Helplessness and hopelessness are great catalysts of fear. In fact, many a paranoia and phobia germinate therein. A sense of personal loss now or in future is another great igniter of fear. When we are pushed to the wall, the first response assumes the worst consequence and, obviously, this results in fear. Those who manage to overcome this are the brave. This human ability to triumph against all odds is what creates champions. All great achievers—explorers, scientists, artists, soldiers, scholars, sportspersons and others—who break barriers have one common attribute: an ability and resolve to fight the phantoms of their mind.
Now that we understand what fear is, let’s look at how it manifests itself. We often see that the media, especially social media, creates a fear psychosis—with myths about people, positive and negative, merely cross-referencing another person in history. It’s easy to paint another person black when he hardly is so. The fact that you don’t agree with a certain ideology does not give you the right to create fear in others’ minds. Doomsday champions abound and they thrive on generating fear. History is replete with instances where societies have self-destructed on merely perceived fears. Intellectual rationalisation of a crisis often creates more fear than is required by circumstances. Tyrants have exploited this inherent fear in us. Similarly, ideologues have done it in a perverse way, ostensibly for a larger good.
Another class of fear is typified by fear as entertainment. Horror stories and films scare people, but some actually enjoy this scare. Supernatural, science-fiction and ghost stories are also means to overcome our natural fears. Extreme sport is another example. Even simple pastimes as mountain climbing or deep-sea diving actually signify a desire to overcome natural fears. Space travel or fighting a war is frightful. It is a tribute to the human spirit that in spite of our fears we achieve glory in acts that are, on the face of it, beyond human endurance or a natural response mechanism. Psychologists are still debating whether this kind of fear can actually permanently scar our minds. Deviant behaviour has often been triggered by fear, natural or simulated. Paranoia and phobias are psychological aberrations and can be corrected with the right treatment. Fear has to be fought.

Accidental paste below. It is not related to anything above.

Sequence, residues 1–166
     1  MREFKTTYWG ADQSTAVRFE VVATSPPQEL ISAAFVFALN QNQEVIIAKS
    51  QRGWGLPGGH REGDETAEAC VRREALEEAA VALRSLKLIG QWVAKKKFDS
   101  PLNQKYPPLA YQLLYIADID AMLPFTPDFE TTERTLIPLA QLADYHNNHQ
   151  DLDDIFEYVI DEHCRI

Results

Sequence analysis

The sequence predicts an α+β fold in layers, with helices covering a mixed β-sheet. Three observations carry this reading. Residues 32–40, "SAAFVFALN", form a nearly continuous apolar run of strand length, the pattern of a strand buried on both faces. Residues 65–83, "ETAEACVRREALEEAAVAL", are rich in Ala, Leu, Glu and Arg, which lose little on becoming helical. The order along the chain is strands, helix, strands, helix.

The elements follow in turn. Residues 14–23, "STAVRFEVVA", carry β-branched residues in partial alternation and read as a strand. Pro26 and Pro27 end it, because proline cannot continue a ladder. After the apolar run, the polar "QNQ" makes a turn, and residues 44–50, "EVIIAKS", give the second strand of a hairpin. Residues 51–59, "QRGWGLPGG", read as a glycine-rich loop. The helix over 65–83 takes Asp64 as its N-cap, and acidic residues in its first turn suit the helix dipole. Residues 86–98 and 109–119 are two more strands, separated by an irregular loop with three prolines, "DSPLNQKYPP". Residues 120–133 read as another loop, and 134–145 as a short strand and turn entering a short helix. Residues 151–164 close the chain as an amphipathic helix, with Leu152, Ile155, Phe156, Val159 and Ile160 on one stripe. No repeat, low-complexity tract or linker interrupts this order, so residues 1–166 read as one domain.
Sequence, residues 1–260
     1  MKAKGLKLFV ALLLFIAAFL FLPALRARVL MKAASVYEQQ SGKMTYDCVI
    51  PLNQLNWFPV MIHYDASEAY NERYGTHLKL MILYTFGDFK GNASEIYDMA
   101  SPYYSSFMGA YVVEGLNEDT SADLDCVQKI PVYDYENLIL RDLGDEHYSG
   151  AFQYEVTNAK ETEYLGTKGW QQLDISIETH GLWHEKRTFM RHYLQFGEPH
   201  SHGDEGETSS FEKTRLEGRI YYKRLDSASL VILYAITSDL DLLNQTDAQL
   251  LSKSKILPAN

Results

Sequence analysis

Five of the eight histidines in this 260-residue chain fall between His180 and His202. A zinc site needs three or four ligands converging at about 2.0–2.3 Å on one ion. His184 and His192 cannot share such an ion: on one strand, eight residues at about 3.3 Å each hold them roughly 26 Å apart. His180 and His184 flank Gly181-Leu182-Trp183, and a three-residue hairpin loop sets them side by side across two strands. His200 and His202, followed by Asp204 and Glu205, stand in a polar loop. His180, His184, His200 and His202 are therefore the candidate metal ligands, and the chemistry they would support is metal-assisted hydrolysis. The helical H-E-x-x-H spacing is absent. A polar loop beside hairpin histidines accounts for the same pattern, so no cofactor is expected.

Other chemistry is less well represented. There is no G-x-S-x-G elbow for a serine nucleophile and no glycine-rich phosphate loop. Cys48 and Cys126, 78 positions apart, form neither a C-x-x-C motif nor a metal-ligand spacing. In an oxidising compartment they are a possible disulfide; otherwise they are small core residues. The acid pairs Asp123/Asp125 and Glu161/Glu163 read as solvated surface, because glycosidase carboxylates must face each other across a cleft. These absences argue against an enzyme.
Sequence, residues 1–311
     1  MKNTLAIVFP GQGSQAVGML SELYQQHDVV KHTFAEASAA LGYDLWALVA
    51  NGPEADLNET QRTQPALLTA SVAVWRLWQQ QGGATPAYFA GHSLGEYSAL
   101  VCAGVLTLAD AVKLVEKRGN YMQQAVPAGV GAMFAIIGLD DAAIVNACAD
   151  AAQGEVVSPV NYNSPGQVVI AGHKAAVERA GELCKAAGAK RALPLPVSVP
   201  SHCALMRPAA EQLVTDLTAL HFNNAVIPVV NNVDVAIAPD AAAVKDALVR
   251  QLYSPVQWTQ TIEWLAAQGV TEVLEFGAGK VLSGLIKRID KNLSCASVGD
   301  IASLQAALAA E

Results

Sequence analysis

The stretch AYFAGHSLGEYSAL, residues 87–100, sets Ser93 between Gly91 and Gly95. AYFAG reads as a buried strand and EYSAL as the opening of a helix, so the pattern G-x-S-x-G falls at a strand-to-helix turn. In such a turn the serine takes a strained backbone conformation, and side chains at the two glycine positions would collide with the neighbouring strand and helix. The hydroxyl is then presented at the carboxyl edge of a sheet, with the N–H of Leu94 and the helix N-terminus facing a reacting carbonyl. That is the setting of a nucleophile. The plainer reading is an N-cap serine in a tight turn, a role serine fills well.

Is there anything we actually need to fear? Of course. Anything outside normally accepted experience is a matter of concern and repeated occurrences of the same is cause for fear. Yet, we should not allow any person so much power over our mind to needlessly warp our common sense or emotional response. Human history is full of people with indomitable spirit and courage. It’s all about overcoming fear. Nobody sums it up better than John Lennon: “There are two basic motivating forces: fear and love. When we are afraid, we pull back from life. When we are in love, we open to all that life has to offer with passion, excitement, and acceptance. We need to learn to love ourselves first, in all our glory and our imperfections. If we cannot love ourselves, we cannot fully open to our ability to love others or our potential to create. Evolution and all hopes for a better world rest in the fearlessness and open-hearted vision of people who embrace life.”
Fear is a mountain waiting to be climbed. It’s up to each one of us to do it in our lifetime.